This past Saturday, May 10th, the Tomball Garden Club and Tomball Museum Center teamed up for a rose dedication and plaque installment of the Theis roses in front of the corresponding historical house.
The event saw many members of the garden club and museum in attendance. Representing the Theis/Theiss family included Butch Theis (the oldest descendant still living), Millie Theis Martin (granddaughter of Fritz Theis) and her husband David, and Dee McShane and her husband John (son of Audrey Theis).
These roses originated from a wild Rosa multiflora camea bush that grew in front of the original location of the Henry Theis house in Rosehill. When the house was donated to the museum, L. P. Martin also brought over cuttings of the wild rose bush.
According to the Tomball Garden Club’s research, although some species of the Rosa multiflora family can be considered invasive, this particular species was brought to Texas by European immigrants. It was used as a sort of fence to enclose livestock.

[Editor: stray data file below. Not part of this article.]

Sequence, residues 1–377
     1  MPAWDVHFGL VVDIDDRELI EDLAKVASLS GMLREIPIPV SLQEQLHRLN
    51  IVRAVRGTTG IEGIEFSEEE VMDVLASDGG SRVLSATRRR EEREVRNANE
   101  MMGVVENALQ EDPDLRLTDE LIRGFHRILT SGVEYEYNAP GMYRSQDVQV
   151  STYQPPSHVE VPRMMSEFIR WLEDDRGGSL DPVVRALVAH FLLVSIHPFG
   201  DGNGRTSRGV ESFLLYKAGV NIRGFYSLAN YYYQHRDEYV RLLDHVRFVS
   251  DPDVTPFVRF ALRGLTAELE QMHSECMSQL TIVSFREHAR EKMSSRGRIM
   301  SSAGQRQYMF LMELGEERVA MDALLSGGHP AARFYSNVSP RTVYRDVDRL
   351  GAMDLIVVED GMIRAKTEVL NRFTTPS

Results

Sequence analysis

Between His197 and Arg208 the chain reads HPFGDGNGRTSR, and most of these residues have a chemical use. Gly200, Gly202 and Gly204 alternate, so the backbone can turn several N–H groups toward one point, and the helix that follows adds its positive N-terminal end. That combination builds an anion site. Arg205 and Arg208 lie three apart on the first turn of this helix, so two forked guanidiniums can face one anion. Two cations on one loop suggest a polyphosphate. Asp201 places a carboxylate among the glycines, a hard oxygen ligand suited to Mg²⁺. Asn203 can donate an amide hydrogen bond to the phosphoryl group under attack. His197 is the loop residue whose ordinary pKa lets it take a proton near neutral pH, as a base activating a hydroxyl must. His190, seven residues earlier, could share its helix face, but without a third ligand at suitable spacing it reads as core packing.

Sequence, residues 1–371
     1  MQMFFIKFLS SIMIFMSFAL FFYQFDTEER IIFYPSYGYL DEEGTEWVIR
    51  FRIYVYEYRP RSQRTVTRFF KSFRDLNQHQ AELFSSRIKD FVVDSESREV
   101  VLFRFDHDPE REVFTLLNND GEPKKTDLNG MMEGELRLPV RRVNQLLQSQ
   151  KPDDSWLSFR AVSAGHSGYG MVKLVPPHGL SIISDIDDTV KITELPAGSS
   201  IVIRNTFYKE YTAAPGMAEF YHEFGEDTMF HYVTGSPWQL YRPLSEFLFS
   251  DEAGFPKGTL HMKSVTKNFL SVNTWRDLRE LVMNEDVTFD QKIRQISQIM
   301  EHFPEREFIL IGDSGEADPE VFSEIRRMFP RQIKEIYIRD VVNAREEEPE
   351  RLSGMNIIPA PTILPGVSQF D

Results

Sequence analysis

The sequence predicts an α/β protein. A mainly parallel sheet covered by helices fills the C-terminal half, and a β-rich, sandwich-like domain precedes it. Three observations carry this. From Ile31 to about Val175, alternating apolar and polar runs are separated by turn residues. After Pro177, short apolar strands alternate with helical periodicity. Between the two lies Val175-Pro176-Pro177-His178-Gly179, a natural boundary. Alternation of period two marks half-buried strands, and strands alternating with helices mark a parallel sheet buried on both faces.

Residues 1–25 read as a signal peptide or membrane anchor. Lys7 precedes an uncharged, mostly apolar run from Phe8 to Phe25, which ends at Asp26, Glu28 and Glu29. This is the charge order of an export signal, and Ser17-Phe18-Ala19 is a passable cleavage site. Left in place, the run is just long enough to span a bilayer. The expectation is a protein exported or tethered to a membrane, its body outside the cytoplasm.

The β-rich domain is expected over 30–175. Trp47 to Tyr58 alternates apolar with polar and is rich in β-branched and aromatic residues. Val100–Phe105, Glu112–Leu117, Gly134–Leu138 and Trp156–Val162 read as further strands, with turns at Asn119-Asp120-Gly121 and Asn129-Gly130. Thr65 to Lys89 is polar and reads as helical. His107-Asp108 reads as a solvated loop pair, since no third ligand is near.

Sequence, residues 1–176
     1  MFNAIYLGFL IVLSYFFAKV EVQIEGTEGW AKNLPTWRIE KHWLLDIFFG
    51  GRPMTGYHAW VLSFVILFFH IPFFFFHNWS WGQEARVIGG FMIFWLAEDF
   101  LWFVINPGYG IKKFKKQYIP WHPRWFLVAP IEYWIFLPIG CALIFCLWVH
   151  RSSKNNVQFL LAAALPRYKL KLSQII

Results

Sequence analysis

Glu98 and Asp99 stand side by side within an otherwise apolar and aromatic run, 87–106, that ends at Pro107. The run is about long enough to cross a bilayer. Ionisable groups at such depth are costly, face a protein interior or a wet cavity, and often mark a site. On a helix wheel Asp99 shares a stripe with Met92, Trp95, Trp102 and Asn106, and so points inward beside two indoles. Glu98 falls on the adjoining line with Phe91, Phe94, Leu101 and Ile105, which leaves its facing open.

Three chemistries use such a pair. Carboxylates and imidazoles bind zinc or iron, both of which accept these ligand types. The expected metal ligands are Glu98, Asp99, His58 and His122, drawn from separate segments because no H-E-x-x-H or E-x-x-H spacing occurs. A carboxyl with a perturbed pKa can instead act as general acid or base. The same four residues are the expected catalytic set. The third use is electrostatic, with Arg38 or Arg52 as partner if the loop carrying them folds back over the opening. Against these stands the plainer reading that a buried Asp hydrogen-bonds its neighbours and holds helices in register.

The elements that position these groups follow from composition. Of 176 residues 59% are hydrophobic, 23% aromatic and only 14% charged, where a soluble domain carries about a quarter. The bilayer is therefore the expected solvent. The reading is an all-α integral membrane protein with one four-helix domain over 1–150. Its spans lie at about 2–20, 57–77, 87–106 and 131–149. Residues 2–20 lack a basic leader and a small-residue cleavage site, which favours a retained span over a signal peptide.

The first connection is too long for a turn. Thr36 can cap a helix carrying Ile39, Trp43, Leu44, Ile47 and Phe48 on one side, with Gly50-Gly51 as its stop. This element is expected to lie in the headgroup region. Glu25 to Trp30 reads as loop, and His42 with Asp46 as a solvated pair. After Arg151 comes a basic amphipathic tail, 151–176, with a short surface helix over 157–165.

The Theis family’s patriarch, Johann Theis, and his family immigrated from Germany to the area in 1846 and the family has been involved in the community ever since. The Theis house, originally built after the Civil War by Henry Theis (son of Johann), was donated to the Tomball Museum in 1989. Today, the German farmhouse helps to educate visitors of a way of life long passed.
Come visit the museum today to learn more about this beautiful rose bush and the Theis family, as well as the other German immigrants they represent.